Compare theBest Credit CardsCompare UK credit cards to find the best deals for you!

Representative APR Explained

13th March 2011

Representative APR is the term for one of the new guidelines that UK financial providers are going to have to adhere to as of Feb 1, 2011. The set of guidelines called the Consumer Credit Directive will have an effect on the advertisements of financial companies, including the way they present their services to the public. A Representative Annual Percentage Rate is one of the new requirements for what must be shown on advertisements.

So what products is this new rule going to apply to? Basically, the directive is going to apply to any advertisements that advertise a loan under £60,000 for consumers. Loans that don't apply include FSA regulated investments, business loans, and agreements that have been secured on land. A few examples of what will apply are credit card advertisements, as well as advertisements for small secured loans and personal loans.

The products that the Representative APR applies to are fairly obvious, but a lot of people are still uncertain as to what exactly a Representative APR actually is.

To start with, it's important to understand that credit card companies will usually charge a different APR to different customers for the same product. They do that because the rates for a credit loan are directly determined by the person's income or credit rating. If you have a better credit rating or a lower income than someone else then you are likely going to pay less than them for your loan rate. Sometimes advertised figures for loans in the UK are fairly misleading, as most of them neglect to mention any annual charges that are also associated with a loan and any balance transfer fees for the credit card.

This new Consumer Credit Regulations directive is meant to help consumers become more informed about what is going to happen with their loan rates. Sometimes you can get hit by unexpected fees that you did not know about from the advertisements you saw, and hopefully this will occur less often now that these new rules are in effect.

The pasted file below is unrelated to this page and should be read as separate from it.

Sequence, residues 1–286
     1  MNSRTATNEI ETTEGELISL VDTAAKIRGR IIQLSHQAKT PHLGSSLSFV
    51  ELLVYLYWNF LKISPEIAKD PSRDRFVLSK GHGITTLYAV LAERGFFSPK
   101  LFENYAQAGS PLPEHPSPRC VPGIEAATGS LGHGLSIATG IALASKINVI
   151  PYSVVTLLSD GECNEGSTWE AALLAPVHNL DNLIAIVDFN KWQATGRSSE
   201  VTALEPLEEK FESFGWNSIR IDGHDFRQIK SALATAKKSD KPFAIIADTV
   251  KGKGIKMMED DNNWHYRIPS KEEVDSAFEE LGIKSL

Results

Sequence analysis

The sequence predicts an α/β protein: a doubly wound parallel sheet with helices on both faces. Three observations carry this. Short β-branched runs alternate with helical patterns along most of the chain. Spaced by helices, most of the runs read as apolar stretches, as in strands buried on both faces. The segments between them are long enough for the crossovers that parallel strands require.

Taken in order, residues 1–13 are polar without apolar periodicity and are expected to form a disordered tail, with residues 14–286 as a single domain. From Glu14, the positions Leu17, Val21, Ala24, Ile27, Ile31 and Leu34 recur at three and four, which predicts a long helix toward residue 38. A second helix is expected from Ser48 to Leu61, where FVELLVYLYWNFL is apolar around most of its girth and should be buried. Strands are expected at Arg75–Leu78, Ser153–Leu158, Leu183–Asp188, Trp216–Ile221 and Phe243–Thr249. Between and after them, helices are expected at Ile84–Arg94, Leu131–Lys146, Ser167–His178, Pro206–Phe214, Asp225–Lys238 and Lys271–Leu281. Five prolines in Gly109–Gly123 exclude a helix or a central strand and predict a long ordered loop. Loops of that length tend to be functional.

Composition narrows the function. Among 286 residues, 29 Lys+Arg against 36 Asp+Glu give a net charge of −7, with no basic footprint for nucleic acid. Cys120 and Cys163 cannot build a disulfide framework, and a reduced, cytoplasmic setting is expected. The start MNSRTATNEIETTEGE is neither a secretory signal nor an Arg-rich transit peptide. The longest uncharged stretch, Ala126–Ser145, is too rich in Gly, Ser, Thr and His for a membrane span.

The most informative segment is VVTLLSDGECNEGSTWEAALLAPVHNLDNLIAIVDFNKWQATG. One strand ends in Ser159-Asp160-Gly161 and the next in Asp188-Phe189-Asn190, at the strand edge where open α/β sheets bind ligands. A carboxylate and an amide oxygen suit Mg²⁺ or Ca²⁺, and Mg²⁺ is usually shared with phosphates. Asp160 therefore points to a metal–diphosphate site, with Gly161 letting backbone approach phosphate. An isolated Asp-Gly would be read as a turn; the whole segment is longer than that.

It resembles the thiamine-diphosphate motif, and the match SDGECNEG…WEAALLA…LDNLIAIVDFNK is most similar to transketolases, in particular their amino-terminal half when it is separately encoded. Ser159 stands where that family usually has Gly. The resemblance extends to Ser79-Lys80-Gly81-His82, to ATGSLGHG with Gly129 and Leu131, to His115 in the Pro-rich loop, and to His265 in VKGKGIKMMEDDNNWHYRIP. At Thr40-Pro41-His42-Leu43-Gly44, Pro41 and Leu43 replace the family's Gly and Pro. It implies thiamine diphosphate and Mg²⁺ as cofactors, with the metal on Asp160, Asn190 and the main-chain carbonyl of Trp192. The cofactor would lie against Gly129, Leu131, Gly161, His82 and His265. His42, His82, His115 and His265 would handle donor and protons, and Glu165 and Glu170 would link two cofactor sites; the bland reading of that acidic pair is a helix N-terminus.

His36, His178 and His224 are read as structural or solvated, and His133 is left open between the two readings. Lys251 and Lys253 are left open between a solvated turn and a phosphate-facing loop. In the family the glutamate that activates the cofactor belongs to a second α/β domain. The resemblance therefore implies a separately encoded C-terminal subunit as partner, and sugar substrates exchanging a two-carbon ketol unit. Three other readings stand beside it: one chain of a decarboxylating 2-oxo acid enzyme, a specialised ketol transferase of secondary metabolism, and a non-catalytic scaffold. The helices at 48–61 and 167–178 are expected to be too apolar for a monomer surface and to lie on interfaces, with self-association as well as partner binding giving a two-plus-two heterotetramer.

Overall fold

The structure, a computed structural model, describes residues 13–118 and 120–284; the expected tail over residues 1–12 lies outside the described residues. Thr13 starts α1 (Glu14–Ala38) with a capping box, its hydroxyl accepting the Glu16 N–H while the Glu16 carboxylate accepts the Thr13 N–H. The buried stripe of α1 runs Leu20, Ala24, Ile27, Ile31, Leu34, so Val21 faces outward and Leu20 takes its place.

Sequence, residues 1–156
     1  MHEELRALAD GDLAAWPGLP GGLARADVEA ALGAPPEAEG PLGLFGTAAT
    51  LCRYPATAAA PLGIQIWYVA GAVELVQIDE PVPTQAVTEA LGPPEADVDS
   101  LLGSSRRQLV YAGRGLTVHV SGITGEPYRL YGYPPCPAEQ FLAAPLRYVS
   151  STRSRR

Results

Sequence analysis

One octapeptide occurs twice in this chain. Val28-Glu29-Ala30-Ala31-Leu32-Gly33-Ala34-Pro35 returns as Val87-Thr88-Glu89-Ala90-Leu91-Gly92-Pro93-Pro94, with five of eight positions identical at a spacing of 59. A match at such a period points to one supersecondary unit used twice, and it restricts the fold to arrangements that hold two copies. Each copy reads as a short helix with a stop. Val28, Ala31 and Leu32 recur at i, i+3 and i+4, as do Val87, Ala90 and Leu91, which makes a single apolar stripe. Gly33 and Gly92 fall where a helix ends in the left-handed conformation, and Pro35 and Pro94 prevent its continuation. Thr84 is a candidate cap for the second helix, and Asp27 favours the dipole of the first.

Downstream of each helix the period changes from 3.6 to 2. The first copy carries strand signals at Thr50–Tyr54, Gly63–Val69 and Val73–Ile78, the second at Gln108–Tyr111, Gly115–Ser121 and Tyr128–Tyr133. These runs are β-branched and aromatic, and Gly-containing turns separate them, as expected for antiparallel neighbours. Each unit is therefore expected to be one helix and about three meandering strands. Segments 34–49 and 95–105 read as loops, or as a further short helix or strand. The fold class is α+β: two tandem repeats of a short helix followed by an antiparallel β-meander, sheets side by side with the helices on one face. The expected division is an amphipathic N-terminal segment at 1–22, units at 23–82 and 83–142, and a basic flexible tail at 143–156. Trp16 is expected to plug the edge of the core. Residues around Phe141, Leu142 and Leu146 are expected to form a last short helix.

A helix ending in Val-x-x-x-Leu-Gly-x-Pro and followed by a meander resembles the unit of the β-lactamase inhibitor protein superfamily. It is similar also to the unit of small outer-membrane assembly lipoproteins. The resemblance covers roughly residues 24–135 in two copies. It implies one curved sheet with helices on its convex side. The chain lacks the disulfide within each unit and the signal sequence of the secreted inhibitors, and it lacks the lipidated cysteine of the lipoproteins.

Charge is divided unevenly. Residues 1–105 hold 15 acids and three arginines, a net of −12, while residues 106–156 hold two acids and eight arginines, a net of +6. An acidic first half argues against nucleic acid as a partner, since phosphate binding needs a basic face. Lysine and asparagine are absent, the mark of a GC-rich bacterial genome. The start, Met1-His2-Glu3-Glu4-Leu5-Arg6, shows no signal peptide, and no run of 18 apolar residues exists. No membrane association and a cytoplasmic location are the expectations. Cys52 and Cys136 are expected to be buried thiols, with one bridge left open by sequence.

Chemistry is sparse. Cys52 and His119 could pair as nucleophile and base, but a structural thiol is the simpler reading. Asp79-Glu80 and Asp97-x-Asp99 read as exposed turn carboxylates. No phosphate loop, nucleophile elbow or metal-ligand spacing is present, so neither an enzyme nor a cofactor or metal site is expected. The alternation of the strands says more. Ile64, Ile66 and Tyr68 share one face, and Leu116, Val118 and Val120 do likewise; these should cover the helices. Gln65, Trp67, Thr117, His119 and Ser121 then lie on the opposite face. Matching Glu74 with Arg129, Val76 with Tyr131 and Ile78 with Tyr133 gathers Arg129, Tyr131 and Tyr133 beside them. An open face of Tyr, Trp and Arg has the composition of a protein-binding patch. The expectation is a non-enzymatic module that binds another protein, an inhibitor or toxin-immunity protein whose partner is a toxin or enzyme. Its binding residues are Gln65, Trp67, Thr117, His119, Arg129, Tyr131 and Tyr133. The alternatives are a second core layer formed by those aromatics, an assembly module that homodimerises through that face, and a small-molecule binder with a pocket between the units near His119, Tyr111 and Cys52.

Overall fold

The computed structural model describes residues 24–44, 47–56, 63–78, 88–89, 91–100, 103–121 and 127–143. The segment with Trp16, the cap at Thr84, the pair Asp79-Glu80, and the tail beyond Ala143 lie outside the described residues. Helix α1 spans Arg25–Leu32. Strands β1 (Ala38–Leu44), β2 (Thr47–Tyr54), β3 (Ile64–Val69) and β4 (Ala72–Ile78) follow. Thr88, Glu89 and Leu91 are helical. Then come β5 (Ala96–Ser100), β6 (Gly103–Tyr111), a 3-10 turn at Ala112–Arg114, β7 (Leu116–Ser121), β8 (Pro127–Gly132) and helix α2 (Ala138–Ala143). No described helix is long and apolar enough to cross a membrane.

The basic definition of Representative APR, as defined by the Department for Business, Skills, and Innovation, is "an APR at or below which the advertiser reasonably expects, at the date on which the advertisement is published, that credit would be provided under at least 51% of the agreements which will be entered into as a result of the advertisement."

To put it a little more simply, what the BSI is saying is that because APR rates can fluctuate so wildly between individual customers, the number that is put on billboards, fliers, and other forms of advertisement must represent the APR rate that the company expects to use on over half, or 51% of the business they get from those advertisements. If they only expect to get 15% of their customers that qualify for the lowest APR rate they offer, they can't advertise that lower rate just to bring in more customers, because in a way it can be very misleading.

This is advantageous because it really helps out consumers who are often pulled into a loan office because of a low rate they saw and then find out that they are going to have to pay nearly twice that advertised rate. Thus, the advertised figure is "representative" of the rates that the majority of their customers will be receiving. Other charges are also taken into account with the Representative APR, including balance transfer fees that were previously never included.

A disadvantage of this new system is that it may lead to slightly higher rates all around, which consumers will have to pay out of their own pockets.